After manually annotating all detections, decisions stored in different annotation file types are used to modify the detection parameters stored in TPWS files. modDet excludes all false detections and ID detections (if specified by the user) from the TPWS files and displays exploratory plots as histograms of RLpp, peak frequency and time interval between detections for each file. The process of using detEdit and modDet can be repeated iteratively until all detections are labeled, or a sufficiently low percentage of false detections is obtained (Fig 1). For every iteration, new detection and annotation files are generated and stored together in a common directory to keep track of all changes.

When specified using a simple keyboard shortcut commands, detEdit allows rapid estimation of a detector’s false positive rate across a systematic random sample of detections (Fig 5). The estimation procedure can be done at the signal-level where selected individual signals are sequentially evaluated as true or false within a bout. Alternatively, the procedure can be conducted at the level of a time-bin. This process consists of deciding if at least one signal within the defined interval is a true detection, whereby the entire bin is considered “true”. Signals or intervals evaluated for false positive rate estimation are selected systematically (every Nth detection) across a file. A matrix with the false positive rate per bout is built and stored in true detection files (TD.mat).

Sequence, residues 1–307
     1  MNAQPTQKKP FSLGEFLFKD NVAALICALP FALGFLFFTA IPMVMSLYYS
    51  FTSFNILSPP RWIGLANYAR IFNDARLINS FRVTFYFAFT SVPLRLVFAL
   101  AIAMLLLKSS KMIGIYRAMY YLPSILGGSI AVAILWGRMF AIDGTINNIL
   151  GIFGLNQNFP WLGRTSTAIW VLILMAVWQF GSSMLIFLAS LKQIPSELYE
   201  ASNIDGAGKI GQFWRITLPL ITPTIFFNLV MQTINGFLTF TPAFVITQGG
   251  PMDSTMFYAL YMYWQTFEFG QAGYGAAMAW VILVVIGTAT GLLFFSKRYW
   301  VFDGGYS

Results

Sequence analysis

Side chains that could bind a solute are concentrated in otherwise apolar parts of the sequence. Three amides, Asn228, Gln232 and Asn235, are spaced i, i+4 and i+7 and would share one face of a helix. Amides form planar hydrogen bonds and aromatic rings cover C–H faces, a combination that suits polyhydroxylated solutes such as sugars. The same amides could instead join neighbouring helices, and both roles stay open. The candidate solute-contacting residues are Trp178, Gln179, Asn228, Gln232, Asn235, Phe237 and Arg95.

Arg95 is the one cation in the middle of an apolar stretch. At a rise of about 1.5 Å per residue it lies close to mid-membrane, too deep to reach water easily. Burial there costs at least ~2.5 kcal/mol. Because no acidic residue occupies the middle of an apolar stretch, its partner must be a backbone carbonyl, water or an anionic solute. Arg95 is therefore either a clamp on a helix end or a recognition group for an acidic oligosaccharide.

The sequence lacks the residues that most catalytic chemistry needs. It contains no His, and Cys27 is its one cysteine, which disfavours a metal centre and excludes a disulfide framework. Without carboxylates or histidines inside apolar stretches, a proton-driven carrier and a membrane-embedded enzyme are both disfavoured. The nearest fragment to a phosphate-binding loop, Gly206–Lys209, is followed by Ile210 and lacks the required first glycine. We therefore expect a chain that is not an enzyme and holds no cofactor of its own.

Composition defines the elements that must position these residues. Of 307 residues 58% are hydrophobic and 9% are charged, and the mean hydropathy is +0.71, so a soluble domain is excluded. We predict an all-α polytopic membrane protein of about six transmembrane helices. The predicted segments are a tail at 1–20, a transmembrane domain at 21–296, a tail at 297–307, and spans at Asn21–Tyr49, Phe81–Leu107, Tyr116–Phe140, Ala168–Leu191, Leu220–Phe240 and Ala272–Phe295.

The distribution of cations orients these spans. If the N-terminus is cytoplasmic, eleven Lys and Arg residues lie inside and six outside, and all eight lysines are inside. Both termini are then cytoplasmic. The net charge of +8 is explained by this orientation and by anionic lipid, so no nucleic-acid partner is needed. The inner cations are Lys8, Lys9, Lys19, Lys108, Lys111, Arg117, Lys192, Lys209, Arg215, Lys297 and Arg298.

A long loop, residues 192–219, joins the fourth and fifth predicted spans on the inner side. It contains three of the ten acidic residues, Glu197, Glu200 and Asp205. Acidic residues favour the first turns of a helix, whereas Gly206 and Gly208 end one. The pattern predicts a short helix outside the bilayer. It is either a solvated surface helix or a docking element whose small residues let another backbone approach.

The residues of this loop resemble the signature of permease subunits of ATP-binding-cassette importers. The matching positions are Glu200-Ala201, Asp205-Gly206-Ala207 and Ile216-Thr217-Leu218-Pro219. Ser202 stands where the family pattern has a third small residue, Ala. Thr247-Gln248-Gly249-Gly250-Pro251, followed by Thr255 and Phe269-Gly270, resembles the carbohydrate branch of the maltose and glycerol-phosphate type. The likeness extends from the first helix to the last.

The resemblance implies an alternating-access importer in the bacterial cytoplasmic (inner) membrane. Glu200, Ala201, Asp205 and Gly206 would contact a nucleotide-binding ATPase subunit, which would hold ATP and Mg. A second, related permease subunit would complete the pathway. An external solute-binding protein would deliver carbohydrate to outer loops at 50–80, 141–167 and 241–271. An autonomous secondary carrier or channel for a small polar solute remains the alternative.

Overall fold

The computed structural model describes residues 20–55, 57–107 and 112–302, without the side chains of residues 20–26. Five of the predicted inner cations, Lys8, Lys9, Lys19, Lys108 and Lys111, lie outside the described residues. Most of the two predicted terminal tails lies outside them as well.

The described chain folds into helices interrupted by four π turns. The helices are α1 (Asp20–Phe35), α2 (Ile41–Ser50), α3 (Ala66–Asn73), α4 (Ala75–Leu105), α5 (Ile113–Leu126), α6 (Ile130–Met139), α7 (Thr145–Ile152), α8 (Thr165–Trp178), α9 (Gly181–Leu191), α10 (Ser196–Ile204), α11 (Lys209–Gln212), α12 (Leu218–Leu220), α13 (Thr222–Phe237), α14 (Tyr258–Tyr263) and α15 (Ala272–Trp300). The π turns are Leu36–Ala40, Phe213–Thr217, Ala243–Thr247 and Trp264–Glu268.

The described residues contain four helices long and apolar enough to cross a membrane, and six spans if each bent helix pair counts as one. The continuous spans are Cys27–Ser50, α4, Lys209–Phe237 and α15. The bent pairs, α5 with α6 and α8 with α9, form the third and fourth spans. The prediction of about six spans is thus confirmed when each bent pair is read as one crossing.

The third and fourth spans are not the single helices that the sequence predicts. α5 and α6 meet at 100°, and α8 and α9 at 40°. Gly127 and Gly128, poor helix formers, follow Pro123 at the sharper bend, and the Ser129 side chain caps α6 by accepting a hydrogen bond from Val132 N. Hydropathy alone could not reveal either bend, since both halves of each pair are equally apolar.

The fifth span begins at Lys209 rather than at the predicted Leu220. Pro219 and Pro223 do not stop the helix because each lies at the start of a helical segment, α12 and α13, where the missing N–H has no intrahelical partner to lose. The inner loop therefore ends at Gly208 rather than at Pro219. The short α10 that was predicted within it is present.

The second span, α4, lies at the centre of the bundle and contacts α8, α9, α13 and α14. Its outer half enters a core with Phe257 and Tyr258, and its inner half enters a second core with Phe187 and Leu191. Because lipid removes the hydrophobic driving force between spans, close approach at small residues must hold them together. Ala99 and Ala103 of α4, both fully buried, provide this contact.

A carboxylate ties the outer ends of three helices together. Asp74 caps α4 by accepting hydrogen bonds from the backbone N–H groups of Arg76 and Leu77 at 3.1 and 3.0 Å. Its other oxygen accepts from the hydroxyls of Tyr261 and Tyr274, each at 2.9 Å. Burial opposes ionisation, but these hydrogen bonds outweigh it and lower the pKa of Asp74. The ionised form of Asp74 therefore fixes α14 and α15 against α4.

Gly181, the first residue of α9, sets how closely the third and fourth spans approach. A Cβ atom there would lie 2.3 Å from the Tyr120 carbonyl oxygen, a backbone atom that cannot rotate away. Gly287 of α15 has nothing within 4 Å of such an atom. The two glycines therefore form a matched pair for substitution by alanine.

Fig 5. Example of evaluating false positive rates at the signal-level.

Detected signals being evaluated within the bout are shown in yellow. Evaluation is done in a consecutive manner, with the current signal marked with a yellow circle, and previously evaluated signals displayed as yellow dots.

Finally, a data summary is given with histogram plots of RLpp, time interval between detections, and a time series of weekly presence of the true detections at the signal-level and the time-bin level (S1 Fig).


DetEdit has been used to analyze acoustic recordings of odontocete vocalizations [1215]. The utility of DetEdit for facilitating analyses of large datasets is demonstrated with two case studies that performed species-level analyses of large acoustic datasets. A variety of reproducible results from these examples are included in the repository and described at

Interactive visualization of acoustic features to discriminate odontocete species